Does The President Really Have Access To The "Nuclear Codes?"

Of course, it's not that simple

Nuclear weapons test
Nuclear weapon test Romeo on Bikini Atoll, 1954.Wikimedia Commons/United States Department of Energy

"Do you really want that person to have the NUCLEAR CODES?"

While it's a bowel-liquifying scary thought, that old bar debate rebuttal doesn't quite hold up. Nor is it anywhere close to that simple.

Rather than "nuclear codes" that the President has memorized, there are several components in action when it comes time to destroy a country/continent/planet in one fell swoop: Codes and the Football. One set of codes are printed onto a card called "the biscuit" and given to the President as self-identification, like a password, Brookings reports. These are used in conjunction with the "Football," a 45-pound briefcase containing everything one on-the-go Destroyer of Worlds needs to verify the president's identity and command an attack, including communications equipment and nuclear strike options, according to Smithsonian Magazine. A different set of codes, generated by the NSA, stay in military custody at the Pentagon and various other locations around the country. These are the codes that actually hold the power, since the military can carry out an attack in the event that the President or a successor can't authorize it themselves.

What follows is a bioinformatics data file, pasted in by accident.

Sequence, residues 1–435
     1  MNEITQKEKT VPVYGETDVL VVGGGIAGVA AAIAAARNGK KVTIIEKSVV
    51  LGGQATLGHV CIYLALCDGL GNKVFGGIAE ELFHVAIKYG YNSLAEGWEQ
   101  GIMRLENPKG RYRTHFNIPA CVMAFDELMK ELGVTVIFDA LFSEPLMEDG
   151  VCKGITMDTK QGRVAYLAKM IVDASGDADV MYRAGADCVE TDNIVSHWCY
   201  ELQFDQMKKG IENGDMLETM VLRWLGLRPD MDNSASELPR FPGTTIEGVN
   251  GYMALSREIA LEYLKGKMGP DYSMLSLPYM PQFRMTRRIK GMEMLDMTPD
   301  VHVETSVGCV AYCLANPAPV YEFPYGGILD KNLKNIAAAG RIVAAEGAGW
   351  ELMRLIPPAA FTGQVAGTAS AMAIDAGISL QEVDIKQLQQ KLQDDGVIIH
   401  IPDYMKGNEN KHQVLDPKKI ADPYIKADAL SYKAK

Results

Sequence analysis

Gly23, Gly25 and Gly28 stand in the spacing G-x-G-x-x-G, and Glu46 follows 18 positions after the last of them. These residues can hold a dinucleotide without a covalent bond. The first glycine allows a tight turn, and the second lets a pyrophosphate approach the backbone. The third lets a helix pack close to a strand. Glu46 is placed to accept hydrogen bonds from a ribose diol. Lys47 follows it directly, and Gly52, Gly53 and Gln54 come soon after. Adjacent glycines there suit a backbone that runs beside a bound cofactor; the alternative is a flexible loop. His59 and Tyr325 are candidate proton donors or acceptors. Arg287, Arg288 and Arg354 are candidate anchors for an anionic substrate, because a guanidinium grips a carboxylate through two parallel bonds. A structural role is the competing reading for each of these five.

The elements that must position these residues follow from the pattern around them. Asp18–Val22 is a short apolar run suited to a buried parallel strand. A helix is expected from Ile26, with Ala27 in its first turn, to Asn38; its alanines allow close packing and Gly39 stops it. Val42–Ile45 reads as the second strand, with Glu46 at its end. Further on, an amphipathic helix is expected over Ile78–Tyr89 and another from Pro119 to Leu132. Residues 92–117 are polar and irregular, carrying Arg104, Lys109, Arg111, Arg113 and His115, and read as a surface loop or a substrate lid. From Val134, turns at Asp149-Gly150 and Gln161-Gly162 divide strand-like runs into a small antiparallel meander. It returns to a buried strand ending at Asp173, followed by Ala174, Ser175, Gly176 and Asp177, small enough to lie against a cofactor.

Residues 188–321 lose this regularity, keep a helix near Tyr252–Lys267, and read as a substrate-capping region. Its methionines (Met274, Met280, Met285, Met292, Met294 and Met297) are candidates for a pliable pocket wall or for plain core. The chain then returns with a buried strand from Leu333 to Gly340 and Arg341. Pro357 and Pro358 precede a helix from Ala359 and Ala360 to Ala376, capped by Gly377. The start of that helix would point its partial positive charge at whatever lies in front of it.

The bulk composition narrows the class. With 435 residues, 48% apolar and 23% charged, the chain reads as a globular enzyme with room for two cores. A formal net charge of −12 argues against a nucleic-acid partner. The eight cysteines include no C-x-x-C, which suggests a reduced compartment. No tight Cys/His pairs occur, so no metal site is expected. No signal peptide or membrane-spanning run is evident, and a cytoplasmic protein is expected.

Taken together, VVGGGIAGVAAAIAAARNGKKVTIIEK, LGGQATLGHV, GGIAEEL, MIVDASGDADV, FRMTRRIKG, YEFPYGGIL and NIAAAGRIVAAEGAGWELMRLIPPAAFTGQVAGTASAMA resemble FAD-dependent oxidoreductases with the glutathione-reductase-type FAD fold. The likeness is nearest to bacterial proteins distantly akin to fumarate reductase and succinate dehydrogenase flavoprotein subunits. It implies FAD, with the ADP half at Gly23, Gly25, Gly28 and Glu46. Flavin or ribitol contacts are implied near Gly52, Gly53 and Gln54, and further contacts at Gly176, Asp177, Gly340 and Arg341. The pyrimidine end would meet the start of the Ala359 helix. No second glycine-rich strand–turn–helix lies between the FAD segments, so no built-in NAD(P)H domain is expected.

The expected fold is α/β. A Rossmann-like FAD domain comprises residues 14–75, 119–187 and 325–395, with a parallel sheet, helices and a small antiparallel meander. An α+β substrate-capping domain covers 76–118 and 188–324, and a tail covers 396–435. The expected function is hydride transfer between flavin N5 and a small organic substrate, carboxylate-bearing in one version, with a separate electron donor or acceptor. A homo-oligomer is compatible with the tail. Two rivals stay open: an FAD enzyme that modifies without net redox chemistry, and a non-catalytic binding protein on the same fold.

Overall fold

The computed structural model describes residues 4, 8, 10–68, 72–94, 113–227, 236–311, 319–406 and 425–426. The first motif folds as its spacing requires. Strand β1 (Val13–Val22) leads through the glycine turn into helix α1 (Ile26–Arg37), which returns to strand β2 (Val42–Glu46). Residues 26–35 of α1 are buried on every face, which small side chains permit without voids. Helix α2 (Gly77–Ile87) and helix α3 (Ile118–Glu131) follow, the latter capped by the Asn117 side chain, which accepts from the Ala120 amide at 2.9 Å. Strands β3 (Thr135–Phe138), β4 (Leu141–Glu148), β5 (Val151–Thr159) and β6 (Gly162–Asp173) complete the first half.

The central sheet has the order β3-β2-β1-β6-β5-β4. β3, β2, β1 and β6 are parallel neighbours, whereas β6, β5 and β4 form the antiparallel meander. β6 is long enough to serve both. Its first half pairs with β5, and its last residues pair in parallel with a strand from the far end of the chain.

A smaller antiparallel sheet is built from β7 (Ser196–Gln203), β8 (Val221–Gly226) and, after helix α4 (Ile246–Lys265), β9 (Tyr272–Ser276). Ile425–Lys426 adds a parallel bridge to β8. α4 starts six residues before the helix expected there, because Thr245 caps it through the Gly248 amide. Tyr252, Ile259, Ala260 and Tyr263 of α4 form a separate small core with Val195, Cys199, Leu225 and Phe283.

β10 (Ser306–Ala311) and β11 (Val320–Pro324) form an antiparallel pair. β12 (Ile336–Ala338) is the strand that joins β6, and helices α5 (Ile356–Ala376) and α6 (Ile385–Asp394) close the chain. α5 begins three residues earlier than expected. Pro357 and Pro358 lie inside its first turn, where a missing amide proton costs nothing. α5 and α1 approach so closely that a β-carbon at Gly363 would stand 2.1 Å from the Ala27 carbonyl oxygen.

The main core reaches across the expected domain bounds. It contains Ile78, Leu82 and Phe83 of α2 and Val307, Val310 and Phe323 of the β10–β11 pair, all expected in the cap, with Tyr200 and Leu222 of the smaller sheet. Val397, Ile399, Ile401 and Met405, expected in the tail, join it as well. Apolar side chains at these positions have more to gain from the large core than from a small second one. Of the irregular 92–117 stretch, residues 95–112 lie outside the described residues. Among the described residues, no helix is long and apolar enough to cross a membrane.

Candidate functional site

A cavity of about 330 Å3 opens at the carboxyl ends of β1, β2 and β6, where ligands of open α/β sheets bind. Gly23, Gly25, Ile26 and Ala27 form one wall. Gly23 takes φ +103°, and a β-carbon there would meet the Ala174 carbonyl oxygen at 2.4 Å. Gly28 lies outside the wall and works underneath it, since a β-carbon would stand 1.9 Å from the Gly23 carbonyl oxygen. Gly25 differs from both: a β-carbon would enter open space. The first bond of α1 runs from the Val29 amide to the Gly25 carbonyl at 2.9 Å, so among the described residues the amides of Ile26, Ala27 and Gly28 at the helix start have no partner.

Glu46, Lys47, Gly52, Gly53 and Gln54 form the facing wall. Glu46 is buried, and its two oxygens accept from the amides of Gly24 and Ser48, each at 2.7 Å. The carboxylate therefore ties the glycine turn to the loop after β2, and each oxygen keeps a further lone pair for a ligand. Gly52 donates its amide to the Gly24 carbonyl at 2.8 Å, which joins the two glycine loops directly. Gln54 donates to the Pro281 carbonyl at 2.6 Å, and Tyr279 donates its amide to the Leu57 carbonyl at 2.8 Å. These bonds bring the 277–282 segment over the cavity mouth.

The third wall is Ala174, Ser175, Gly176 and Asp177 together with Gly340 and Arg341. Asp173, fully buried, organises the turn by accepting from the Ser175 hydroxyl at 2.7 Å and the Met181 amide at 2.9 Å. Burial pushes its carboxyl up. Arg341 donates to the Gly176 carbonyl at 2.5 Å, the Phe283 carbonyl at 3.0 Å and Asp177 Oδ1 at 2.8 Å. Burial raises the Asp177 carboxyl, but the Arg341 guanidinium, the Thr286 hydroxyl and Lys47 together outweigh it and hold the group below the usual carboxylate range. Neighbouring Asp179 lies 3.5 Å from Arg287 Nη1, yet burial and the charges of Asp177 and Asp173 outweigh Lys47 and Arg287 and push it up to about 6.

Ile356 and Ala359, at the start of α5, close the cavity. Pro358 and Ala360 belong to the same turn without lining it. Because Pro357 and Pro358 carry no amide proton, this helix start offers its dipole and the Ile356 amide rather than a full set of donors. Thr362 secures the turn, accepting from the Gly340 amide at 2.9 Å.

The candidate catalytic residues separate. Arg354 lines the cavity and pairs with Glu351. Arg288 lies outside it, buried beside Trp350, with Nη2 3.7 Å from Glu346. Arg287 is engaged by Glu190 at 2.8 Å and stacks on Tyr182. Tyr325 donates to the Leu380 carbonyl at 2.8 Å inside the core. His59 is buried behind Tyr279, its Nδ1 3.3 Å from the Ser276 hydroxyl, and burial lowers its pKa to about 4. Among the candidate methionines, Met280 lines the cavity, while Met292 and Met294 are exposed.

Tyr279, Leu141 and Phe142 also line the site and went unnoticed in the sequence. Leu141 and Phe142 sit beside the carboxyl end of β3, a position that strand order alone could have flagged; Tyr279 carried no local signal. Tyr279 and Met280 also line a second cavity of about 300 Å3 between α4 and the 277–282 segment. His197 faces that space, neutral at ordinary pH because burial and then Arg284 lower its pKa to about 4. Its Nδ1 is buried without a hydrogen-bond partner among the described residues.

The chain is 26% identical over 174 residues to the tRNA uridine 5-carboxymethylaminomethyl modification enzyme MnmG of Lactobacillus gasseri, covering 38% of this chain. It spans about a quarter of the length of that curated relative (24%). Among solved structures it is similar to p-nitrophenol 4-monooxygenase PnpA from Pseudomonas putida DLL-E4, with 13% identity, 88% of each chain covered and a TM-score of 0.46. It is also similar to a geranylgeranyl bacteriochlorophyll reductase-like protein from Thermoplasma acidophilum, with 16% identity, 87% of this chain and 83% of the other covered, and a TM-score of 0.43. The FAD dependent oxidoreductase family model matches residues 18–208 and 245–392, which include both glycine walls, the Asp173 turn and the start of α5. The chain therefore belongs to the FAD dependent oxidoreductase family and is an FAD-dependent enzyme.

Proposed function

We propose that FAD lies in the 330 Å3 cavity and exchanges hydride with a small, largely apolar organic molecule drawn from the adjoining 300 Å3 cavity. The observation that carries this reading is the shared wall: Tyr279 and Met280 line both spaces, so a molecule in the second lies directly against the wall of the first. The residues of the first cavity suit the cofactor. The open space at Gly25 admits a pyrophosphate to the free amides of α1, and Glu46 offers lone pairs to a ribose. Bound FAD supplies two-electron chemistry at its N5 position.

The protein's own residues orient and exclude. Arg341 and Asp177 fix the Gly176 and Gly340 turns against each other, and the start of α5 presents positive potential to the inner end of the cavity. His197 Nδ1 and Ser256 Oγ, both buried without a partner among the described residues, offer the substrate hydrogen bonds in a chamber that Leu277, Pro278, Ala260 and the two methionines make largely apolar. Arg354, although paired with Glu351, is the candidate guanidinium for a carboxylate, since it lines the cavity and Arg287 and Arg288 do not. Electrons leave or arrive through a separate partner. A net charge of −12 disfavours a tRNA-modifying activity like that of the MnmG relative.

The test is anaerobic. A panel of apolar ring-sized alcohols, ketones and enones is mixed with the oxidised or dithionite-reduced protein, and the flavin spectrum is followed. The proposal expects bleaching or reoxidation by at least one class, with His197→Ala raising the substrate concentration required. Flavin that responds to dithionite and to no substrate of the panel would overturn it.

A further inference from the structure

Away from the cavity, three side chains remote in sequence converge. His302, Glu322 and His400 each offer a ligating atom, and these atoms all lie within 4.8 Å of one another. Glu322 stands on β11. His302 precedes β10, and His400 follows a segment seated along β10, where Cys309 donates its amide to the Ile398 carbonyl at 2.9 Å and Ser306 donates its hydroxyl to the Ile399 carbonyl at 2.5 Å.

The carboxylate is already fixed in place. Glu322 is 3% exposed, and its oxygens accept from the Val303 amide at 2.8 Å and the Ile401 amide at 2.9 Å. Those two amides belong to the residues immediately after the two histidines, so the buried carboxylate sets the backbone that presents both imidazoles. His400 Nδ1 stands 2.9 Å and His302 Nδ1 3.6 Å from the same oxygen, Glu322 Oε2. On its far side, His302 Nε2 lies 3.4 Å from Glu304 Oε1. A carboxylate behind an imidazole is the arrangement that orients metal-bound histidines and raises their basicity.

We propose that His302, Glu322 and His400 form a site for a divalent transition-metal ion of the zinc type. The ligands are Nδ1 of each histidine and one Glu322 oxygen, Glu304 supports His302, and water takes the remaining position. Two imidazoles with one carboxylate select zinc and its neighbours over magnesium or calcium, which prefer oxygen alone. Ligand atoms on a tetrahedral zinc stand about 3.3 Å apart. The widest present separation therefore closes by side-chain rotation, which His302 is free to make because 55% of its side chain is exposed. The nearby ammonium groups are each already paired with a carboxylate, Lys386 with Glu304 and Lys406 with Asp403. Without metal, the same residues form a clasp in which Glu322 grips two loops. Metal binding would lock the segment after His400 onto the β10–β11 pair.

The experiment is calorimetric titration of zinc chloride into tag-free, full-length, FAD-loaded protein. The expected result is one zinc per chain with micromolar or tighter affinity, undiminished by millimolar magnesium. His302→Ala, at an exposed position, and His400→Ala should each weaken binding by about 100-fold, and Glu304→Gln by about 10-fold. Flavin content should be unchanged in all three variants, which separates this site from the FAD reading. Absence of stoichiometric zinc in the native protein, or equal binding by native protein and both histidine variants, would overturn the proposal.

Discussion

Being a matter of apocalyptic destruction and all, the decision to drop the really big bomb involves a lot of fail-safes. The "two-person concept" prevents accidental (or totally on purpose and evil) use of nuclear weaponry. Once a commanding officer issues the order, two authorized persons with two different keys must open the control panel locks simultaneously — one person acting alone can't carry out the order.

So, you can't just punch in a password and smash a big red button to rain hellfire down on your enemies. Knowing this might give some peace of mind if the mouth-frothing podium rhetoric has got you down. But the President is a person who can set this process into motion; handle with care the power of electing a biscuit-holder this November.